1 year, 2 months ago

Becoming a Better PM – Time Management

Link: https://dougnewdick.wordpress.com/2019/12/08/becoming-a-better-pm-time-management/

As I discussed in my previous article self management is a key competency of a good project manager, and time management is a significant part of self management. Time management is important for everyone. As I have taken up more senior roles,  I’ve found that I’ve needed it more and more – when I was junior there was often someone else giving me direction, checking whether I had done something. When I started managing projects I realised that this was even more important. What I have found is that so many other people are dependent on the things that I do. If I don’t send that email to the vendor, they don’t start the work. If I don’t pass that message on the staff don’t do the work etc. This magnifies the negative effects of any poor time management on my part. Realising this, I put more effort into improving my time management – and learned a few lessons along the way. So here are a few techniques that work for me.

Spend a few minutes planning my day (and my week).

When discussing projects, we all recognise the truth of the old adage that to fail to plan is to plan to fail, but I hadn’t really understood how much this applies to my personal work as well. Following Dermot Crowley‘s advice I try and take 10-15 minutes at the start of each day to plan out my day. Not in any great detail, but to plan out the key tasks I’m going to try and get done that day, prioritise them, and look at roughly when I’m going to get them done in the context of the meetings and other commitments I have that day.

That’s a pretty short horizon, so I also try and spend 20-30 minutes each Monday to plan out my week. I find that if I don’t plan, then it is easy to find myself just reacting to others – doing the things that I get asked when I get asked, and reacting to whoever is “shouting loudest”.

Write down my tasks when I get them

I don’t try and just remember my tasks, and I don’t wait and write them down later. That certainly doesn’t work for me, and I don’t believe I’ve met anyone that this works for. 

In addition, I’ve learnt to write them down somewhere where they won’t get lost – a single, central task list. I used to have a book for all my meetings, which I used to write all my notes and tasks in. But you know what? I never went back and looked at that book – I used to rely on my memory, which never quite worked. Now I still use a book, but as soon as I’m back at my desk, I copy my tasks from my book into my central task list.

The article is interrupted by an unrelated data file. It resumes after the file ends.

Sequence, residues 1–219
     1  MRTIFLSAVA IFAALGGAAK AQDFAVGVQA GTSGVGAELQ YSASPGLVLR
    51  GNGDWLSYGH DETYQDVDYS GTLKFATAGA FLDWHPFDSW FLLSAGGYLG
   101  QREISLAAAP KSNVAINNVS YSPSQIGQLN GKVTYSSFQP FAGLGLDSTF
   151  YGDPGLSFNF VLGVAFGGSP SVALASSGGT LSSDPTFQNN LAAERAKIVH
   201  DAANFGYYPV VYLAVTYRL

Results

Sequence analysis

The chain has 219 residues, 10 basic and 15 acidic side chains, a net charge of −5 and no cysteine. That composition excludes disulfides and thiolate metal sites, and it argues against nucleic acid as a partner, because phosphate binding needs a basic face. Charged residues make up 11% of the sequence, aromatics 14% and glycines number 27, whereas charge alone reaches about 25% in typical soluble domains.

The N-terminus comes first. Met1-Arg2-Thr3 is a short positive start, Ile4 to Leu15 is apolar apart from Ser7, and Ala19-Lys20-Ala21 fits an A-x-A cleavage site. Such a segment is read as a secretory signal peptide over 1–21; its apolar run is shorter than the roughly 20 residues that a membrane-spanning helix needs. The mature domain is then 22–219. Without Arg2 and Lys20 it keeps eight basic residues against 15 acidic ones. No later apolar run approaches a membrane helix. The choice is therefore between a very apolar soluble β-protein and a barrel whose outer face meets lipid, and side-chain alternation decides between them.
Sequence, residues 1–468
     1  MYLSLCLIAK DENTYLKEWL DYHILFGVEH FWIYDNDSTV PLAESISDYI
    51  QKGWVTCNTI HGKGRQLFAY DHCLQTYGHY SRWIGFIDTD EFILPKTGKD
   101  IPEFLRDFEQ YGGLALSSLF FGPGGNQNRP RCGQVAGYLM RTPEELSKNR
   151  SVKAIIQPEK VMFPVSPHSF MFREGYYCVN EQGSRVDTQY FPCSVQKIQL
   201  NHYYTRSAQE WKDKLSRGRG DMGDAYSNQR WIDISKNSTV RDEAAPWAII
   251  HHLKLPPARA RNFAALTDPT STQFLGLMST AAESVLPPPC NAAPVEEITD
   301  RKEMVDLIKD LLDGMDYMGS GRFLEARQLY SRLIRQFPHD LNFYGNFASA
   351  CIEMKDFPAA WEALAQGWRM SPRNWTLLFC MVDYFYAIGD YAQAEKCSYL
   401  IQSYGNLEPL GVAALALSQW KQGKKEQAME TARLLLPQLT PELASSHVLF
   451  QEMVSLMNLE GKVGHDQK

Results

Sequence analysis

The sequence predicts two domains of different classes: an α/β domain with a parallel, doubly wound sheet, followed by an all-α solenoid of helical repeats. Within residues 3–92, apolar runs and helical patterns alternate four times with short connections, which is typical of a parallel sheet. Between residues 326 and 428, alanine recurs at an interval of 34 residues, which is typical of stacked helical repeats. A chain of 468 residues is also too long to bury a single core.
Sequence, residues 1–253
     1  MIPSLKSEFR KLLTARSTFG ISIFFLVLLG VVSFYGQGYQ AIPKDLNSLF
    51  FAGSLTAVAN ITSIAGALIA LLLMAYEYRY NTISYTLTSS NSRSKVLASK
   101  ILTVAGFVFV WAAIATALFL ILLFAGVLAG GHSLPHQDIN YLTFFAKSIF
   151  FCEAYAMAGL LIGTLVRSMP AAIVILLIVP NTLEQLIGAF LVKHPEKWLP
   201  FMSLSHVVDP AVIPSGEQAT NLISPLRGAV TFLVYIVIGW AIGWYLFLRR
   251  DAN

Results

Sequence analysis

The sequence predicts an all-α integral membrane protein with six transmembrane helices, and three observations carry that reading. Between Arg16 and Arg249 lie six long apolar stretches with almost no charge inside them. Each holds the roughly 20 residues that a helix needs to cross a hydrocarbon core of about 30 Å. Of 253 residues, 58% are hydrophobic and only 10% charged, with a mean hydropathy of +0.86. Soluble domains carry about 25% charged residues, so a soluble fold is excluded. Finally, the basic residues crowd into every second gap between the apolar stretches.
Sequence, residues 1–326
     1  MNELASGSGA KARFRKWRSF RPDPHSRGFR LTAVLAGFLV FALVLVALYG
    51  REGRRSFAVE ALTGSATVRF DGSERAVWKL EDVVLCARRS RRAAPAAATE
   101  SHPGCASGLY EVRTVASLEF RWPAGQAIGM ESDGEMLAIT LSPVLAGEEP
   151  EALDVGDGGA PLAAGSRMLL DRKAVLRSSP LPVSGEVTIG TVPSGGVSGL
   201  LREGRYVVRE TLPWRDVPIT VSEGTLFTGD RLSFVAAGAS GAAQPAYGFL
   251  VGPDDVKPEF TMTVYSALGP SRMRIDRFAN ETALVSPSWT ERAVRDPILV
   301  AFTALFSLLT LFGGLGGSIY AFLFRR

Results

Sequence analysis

I find that I need two lists: today’s tasks, plus a longer full task list. Each day (during my daily planning session), I look at my complete task list and move the most urgent ones onto the day’s list. Then I look at my emails from yesterday and my calendar (so I can add any required prep onto my daily task list).

Equally with task management, I think about how this differs when I am managing a project – I need to include tasks to follow up with people to make sure they are doing their tasks.

Allocate my time

What I do, is during the sessions where I plan my day, I try to book out my time in my calendar for any important or time consuming tasks, e.g. writing a report. Also, for any recurring task that takes a regular amount of time (e.g. writing a project status report), I put that in my calendar as a recurring appointment. And I don’t just put into my calendar, I try and put n a reasonable amount of time for the particular task, and I make sure that time is marked as busy, so that people won’t try and book meetings over it – those people who respect calendars anyway!

As a project manager, I find it useful to allocate time in my diary for recurring project management activities: writing project status reports, preparing for project meetings etc.

None of these things are earth shattering revelations, but taken together they have helped me improve my ability to manage my own time, and marrying them to specific project management concerns has been a great help. I also won’t take credit for any of these ideas. They have all come from others, notably from Dermot Crowley’s book Smart Work and advice from Lachlan Mollison – who has been a great help in my journey.